SIENA v. PRIMO PIZZA 84 LLC, 2020 NY Slip Op 51344 – NY: Supreme Court November 5, 2020:


In order to establish a prima facie claim for hostile work environment, a plaintiff must demonstrate that the workplace is permeated with discriminatory intimidation, ridicule, and insult that is sufficiently severe or pervasive to alter the conditions of the victim’s employment and create an abusive working environment (Schenkman v New York Coll. of Health Professionals, 29 AD3d 671, 673 [2d Dept 2006]; see Harris v Forklift Sys., Inc., 510 US 17 [1993]; Forrest v Jewish Guild for the Blind, 3 NY3d 295 [2004]). Under the New York City Human Rights Law (NYCHRL), the court considers whether such comments amount to more than “petty slights and trivial inconveniences” (see Williams v New York City Hous. Auth., 61 AD3d 62, 79-80 [1st Dept 2009]). “Whether an environment is hostile or abusive can be determined by looking at all the circumstances, including `the frequency of the discriminatory conduct; its severity; whether it is physically threatening or humiliating, or a mere offensive utterance; and whether it unreasonably interferes with an employee’s work performance'” (Forrest, 3 NY3d at 310-311, quoting Harris, 510 US at 23). The conduct must have altered the condition of the victim’s employment by being subjectively perceived as abusive by the plaintiff, and having created an objectively hostile or abusive environment (id. at 311).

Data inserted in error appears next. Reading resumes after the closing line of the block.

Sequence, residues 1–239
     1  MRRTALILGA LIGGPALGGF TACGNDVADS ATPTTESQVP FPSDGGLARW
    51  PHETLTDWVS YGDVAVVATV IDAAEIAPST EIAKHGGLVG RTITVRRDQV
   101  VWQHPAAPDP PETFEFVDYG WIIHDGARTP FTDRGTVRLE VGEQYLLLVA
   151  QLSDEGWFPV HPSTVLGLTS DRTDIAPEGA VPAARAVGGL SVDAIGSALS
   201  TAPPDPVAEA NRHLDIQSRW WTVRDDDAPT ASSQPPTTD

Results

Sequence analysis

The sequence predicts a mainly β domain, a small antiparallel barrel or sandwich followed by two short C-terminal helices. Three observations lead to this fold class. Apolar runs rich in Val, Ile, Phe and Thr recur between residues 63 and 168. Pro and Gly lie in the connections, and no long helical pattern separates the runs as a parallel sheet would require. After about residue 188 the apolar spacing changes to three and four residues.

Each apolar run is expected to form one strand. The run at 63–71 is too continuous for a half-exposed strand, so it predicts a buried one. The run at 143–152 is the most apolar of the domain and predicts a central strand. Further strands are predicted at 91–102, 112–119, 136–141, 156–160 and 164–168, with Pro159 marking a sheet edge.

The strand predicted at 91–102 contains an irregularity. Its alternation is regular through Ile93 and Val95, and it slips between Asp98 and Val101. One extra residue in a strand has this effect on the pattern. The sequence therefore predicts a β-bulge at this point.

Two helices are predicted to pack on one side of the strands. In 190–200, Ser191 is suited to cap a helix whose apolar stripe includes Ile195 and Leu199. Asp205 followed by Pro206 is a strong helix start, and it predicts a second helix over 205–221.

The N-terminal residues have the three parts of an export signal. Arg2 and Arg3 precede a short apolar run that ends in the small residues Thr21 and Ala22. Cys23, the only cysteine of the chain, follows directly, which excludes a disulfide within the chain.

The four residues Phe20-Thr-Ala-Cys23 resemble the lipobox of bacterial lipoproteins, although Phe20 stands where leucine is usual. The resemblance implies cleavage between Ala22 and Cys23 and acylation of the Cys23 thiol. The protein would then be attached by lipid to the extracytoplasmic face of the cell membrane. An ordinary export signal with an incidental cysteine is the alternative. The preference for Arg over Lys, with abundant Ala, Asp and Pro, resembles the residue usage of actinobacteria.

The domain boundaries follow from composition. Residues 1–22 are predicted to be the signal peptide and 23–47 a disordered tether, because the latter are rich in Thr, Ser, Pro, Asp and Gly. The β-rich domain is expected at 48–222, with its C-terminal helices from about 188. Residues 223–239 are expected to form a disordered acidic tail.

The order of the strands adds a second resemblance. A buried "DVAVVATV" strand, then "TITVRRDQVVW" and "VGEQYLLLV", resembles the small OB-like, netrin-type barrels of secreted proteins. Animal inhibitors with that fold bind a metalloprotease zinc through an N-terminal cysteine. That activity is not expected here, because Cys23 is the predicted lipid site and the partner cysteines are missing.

Here, plaintiff’s factual allegations, such as that defendants Goodman and Brill would refer to him as a “guido” or “wise guy” or imitate his accent, fall short of establishing that the “`workplace [was] permeated with discriminatory intimidation, ridicule, and insult. . . that [was] sufficiently severe or pervasive to alter the conditions of the [plaintiff’s] employment and create an abusive working environment'” (Schenkman, 29 AD3d at 673, quoting Harris, 510 US at 21). This court is cognizant that “discrimination is rarely so obvious or its practices so overt that recognition of it is instant and conclusive, it being accomplished usually by devious and subtle means” (300 Gramatan Ave. Assoc. v State Div. of Human Rights, 45 NY2d 176, 183 [1978]). Nonetheless, as defendants have demonstrated the absence of a prima facie case for national origin discrimination, summary judgment dismissing that cause of action is required (see Zhao v State Univ. of NY, 472 F Supp 2d 289 [ED NY 2007] [mimicking plaintiff’s accent and comparing Turkish people to Chinese people were insufficient to establish a hostile work environment]). Indeed, in a similar case, Little v National Broad. Co., where a defendant’s employee constantly used a “weird Spanish accent” when talking to Hispanic people, and on an occasion described Hispanics as being “very greasy,” the court held that the “comments, standing alone, were not so severe that they could alter the conditions of [plaintiff’s] employment. However, when combined with the display of Klu Klux Klan robes and/or [a] noose, these incidents may constitute an objectively hostile environment” (210 F Supp 2d 330, 390 [SD NY 2002]).”